Fortunately, there is a way around this. Section 72(t) of the Internal Revenue Code allows taxpayers of any age to take a series of substantially equal periodic payments without a 10% penalty.
The payments must continue for five years or until you reach 59½ years old, whichever period is longer. While you receive the money, you cannot make any changes to the payments. However, you can irrevocably switch one time to the RMD method.
If you do not stay with the plan, or if you modify the payments in any way, you will no longer qualify for the exemption from the 10% penalty. Furthermore, the 10% penalty will be reinstated retroactively, to all prior years.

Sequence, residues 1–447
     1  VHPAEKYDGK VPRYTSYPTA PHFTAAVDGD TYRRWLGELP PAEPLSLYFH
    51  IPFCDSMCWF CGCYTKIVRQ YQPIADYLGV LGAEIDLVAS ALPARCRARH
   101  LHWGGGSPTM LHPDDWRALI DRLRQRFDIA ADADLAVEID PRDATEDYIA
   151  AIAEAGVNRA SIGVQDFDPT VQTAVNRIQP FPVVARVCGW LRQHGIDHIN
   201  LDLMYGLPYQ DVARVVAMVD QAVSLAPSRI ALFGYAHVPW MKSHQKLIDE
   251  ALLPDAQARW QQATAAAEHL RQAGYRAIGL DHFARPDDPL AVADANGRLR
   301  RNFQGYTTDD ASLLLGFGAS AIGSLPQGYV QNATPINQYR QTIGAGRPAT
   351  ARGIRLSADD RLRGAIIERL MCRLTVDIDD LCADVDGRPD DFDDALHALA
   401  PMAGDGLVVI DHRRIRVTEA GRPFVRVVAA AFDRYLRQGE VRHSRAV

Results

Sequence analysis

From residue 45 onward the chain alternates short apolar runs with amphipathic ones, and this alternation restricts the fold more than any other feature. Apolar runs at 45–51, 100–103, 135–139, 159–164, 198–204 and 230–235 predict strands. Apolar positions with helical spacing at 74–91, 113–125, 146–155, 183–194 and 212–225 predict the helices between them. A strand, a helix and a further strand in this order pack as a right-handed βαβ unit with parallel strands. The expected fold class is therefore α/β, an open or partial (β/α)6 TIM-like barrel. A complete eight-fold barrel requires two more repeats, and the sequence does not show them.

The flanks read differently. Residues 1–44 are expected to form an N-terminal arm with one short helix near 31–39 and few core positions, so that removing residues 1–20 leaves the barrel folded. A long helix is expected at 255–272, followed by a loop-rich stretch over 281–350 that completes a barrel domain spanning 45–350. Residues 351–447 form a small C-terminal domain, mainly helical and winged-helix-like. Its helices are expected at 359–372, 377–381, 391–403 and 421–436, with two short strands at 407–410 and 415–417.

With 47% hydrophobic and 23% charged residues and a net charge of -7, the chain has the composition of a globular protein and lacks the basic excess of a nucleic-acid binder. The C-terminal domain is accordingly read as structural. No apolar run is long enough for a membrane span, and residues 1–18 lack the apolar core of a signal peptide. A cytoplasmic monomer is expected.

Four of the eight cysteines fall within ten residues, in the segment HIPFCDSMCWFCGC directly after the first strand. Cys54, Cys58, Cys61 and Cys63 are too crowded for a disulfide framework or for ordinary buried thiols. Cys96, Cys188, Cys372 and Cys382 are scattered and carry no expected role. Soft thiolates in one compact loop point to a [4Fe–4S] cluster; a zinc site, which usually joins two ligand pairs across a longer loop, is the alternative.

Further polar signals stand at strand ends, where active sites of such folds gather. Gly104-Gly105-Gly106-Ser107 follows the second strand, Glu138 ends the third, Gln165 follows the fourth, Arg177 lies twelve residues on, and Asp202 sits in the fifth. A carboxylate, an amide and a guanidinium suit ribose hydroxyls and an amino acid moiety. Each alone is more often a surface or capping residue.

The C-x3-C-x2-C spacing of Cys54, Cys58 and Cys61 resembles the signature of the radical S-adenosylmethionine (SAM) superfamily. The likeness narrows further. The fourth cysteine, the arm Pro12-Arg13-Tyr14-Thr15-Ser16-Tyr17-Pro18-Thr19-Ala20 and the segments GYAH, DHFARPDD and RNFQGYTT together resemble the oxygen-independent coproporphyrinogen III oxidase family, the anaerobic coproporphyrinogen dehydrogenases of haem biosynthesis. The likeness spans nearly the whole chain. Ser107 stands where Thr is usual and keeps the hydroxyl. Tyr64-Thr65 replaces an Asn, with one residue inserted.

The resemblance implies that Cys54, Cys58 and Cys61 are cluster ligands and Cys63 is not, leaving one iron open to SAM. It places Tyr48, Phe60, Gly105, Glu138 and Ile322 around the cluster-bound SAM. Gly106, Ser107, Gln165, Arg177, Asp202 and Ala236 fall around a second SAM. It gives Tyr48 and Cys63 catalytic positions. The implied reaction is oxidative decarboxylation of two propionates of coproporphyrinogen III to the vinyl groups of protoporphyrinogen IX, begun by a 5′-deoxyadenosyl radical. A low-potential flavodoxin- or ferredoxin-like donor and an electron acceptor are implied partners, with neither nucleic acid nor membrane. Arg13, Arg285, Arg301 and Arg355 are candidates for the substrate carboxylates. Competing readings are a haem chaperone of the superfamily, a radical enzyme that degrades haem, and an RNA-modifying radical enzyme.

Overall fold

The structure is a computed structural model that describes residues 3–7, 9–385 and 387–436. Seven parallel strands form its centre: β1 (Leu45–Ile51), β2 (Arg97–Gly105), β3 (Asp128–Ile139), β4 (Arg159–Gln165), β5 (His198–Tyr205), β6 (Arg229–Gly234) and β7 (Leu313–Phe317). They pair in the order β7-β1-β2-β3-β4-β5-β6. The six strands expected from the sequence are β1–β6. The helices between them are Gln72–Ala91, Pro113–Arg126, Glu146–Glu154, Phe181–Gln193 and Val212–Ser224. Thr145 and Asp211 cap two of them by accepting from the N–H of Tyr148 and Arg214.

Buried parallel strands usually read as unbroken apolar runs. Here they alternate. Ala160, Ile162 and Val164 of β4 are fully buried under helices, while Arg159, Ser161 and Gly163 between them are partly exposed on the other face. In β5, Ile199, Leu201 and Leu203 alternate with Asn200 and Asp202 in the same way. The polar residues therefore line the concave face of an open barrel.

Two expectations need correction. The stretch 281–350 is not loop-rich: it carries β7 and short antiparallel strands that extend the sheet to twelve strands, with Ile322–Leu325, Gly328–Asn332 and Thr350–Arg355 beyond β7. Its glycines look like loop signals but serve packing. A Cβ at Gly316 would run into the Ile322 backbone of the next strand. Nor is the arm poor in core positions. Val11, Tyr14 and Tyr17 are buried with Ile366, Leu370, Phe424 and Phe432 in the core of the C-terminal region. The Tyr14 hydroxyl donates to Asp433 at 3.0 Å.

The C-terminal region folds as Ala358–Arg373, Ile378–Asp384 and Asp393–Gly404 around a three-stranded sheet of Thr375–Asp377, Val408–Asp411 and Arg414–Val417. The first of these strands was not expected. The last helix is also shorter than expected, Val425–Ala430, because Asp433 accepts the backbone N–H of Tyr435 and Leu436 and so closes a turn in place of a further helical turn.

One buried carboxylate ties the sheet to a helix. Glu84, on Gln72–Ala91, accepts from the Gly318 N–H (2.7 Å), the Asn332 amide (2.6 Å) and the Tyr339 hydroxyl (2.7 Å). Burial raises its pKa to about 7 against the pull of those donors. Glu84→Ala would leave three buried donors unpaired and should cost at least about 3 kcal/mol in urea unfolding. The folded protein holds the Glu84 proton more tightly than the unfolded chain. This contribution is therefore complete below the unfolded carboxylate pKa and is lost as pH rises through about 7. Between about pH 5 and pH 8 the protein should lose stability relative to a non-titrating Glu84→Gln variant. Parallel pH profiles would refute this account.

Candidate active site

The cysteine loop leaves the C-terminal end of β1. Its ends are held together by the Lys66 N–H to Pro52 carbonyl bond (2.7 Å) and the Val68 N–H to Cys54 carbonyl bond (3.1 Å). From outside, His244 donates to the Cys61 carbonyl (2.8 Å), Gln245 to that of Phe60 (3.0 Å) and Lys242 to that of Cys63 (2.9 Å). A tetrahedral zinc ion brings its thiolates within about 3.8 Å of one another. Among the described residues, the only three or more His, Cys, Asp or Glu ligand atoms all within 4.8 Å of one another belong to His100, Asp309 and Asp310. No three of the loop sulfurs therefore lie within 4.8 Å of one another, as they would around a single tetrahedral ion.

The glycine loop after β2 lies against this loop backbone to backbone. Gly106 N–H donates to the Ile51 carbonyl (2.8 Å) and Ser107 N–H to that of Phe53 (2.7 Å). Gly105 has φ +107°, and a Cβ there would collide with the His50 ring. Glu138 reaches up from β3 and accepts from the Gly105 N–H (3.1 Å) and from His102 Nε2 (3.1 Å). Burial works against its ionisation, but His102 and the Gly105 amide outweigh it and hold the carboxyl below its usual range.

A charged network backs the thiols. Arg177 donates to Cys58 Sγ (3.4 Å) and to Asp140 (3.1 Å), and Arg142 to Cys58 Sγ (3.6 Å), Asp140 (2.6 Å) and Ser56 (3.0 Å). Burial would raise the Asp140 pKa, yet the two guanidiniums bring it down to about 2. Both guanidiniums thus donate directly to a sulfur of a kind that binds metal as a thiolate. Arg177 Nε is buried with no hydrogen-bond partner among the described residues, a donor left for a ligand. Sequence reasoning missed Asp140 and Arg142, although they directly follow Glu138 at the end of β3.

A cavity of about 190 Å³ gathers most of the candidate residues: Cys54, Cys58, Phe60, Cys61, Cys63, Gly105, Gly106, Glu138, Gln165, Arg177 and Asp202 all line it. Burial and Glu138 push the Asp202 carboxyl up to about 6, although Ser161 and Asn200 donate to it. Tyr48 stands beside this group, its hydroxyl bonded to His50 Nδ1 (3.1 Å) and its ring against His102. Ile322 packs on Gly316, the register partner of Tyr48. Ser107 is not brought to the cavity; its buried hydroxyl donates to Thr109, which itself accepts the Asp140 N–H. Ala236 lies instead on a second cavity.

Each IRA stands on it own, meaning that taking 72(t) distributions from one account has no effect on the others. Therefore, if one IRA will produce more income than is needed, you could have set up a smaller, segregated account to withdraw from. And in the future, if you need more income, you could begin equal distributions from another account as well. This could provide greater flexibility in meeting your immediate and future income requirements.